By Maila Baje
When Sher Bahadur Deuba starts saying democracy is in trouble, well, that is saying something.
Never denounced as a dictator, the Nepali Congress president has been accused of facilitating despotism. In a political milieu so mesmerized by repetitions of history, critics often portrayed Deuba as the latter-day version of Dr. Tulsi Giri, i.e., a Nepali Congress luminary turned enabler of royal autocracy.
Temperamentally mild-mannered and at times self-deprecatory, Deuba, if anything, is a status-quoist. He began his first term as prime minister in 1995-1996 with an image of a conciliator, atop a coalition compromising votaries of the past and the future. But that label didn’t last long and the perjorative ‘Pajero’ became his legacy.
The Japanese SUV was emblematic of the corruption underlying the compromises Deuba expected to make to keep democracy alive. He had assumed office following a Supreme Court ruling that reversed the earlier, minority government’s decision to dissolve parliament and hold fresh elections. The constitution emerged victorious at the price of polluting politics.
In that warped environment, Deuba’s exit was no less twisted. The prime minister was forced out of office not because he lost his legislative majority but because his own party president, Girija Prasad Koirala, conspired to prevent two crucial legislators from voting for the government.
What goes around comes around. In the aftermath of the Narayanity carnage, Deuba took back the premiership from Koirala, only to be accused of handing democracy on a platter to King Gyanendra in 2002 by first dissolving parliament and then postponing elections.
In between, Maoist leader Prachanda called him brave for declaring a ceasefire that allowed the rebels to reorganize to mount deadlier strikes against the state. Deuba declared a state of emergency, deployed the military against the rebels and set prices on their heads. When Deuba dissolved parliament and called fresh elections, that automatically disqualified him as a democrat for the Koirala faction of the ruling party. Deuba walked out of the Nepali Congress to form his own party. When Deuba postponed the elections, he got the royal sack. But he kept protesting that he wanted to hold the elections but was pressured by other parties to put them off. If anything, he pleaded, he was a latter-day B.P. Koirala. The country didn’t have the time or patience to hear him out.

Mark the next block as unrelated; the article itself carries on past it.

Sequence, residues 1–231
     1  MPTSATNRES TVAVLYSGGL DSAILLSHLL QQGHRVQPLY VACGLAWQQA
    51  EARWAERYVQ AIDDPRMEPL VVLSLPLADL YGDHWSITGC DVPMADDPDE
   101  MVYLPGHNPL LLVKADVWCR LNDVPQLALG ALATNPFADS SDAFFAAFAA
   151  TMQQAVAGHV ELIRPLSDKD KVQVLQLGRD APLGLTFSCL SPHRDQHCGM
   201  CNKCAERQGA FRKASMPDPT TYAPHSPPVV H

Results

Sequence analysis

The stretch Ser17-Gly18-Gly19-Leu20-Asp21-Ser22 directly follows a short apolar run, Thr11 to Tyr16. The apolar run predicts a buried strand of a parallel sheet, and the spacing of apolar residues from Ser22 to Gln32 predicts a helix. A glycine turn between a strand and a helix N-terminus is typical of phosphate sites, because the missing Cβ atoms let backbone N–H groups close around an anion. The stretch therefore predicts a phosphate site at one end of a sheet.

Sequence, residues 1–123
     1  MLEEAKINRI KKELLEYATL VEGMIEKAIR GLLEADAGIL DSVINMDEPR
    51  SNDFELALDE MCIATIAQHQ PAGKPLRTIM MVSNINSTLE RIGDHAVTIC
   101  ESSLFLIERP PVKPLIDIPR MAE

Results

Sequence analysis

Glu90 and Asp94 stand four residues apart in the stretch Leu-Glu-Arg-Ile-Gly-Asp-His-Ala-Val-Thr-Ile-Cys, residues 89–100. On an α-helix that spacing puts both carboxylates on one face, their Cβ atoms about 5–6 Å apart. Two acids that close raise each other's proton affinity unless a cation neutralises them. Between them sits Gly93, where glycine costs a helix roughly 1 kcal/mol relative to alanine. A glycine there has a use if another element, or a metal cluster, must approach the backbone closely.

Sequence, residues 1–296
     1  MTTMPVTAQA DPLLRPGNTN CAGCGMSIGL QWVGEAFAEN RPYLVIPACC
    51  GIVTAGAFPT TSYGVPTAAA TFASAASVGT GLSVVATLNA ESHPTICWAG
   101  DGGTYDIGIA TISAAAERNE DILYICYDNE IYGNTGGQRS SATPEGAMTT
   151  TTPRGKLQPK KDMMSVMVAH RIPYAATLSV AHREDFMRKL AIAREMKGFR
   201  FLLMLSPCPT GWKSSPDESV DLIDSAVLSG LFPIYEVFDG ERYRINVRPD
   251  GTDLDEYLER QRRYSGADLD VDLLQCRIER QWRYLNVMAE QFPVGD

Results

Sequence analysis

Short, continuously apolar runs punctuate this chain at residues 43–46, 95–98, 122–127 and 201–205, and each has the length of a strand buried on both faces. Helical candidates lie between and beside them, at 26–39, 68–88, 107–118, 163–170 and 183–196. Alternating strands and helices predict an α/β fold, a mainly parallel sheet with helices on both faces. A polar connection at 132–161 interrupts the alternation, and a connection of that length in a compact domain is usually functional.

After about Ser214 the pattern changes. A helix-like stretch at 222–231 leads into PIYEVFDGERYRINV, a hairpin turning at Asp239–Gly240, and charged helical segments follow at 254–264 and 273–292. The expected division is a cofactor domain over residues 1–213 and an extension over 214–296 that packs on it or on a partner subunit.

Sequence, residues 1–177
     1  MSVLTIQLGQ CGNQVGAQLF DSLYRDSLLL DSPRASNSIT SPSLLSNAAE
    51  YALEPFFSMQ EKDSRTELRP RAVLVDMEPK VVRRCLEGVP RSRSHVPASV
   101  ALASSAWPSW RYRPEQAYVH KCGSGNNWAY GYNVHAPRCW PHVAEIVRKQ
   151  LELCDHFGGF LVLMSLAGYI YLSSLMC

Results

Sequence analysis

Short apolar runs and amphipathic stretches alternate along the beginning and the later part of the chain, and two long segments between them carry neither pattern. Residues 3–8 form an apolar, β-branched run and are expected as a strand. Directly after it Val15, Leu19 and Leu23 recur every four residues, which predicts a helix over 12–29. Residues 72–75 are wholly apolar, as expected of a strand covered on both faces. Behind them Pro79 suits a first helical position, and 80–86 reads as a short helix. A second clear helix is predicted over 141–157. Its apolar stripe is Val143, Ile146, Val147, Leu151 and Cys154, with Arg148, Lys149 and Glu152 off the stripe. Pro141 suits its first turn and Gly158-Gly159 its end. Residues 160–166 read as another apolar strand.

As the opposition alliance refused to recognize him as part of them, Deuba returned to the premiership as a royal appointee. He stood accused of enabling a more assertive palace takeover by, it turns out, doing nothing. Never mind that the king had dismissed Deuba both times for incompetence (and resurrecting the real Tulsi Giri in February 2005).
After the April 2006 Uprising, Koirala seemed to have come to his (political) senses: If he could do a deal with the Maoists, Koirala could certainly afford to allow Deuba back into the Nepali Congress. The logical successor stepped in when the old man departed. Not many people were thrilled. And that’s always been the crux of Deuba’s woes.
You sense almost a visceral feeling in some Congress sections that Deuba never deserved to be where he is. Not quite a usurper, but something very close. Those with a Koirala pedigree have an obvious dislike. Others hate it that Deuba became the most prominent commoner Congressi who married into the reviled yet secretly coveted Rana clan. Poor diction and a drought of original though never stopped others, but they always counted against Deuba. In the post-2006 milieu, he has worked with the Maoists with the same facility he once worked with the monarchy. (Although he’d never admit it in public, Prachanda has probably wanted to repeat the B word.)
The Nepali Congress blowout in the last election was supposed to spell the end of Deuba. His critics have turned out to be their worst enemies. There are too many people ready to step in with the same eagerness they have in blocking everyone else. Ideologically, too, the party can’t figure out which Koirala brother to emulate: the newly republican Girija Prasad or the constitutional monarchist Bishweshwar Prasad. The Hinduism caper at the recent party conclave may have camouflaged that dilemma for now, but the Congress will have to make a choice sooner rather than later.
Ram Chandra Poudel seems to be the most aggrieved Congressi around. And he has good reason. When it came time to contest for the premiership amid the deadlock in the constituent assembly, the party put him forward over a dozen rounds of voting. From Poudel’s vantage point, being an incompetent prime minister twice may be better than not becoming one at all. But Deuba may never forget how Poudel promised to assume the presidency of his new party in 2002 before caving to Koirala.
The wide-body aircraft scandal has come in handy for Poudel. He’s been trying his best push Deuba into the net that has ensnared Oli and Dahal. Yet Poudel has the class to share the stage with Deuba to rail against the threat the communist government now poses to democracy.
Deuba might find that comforting, too.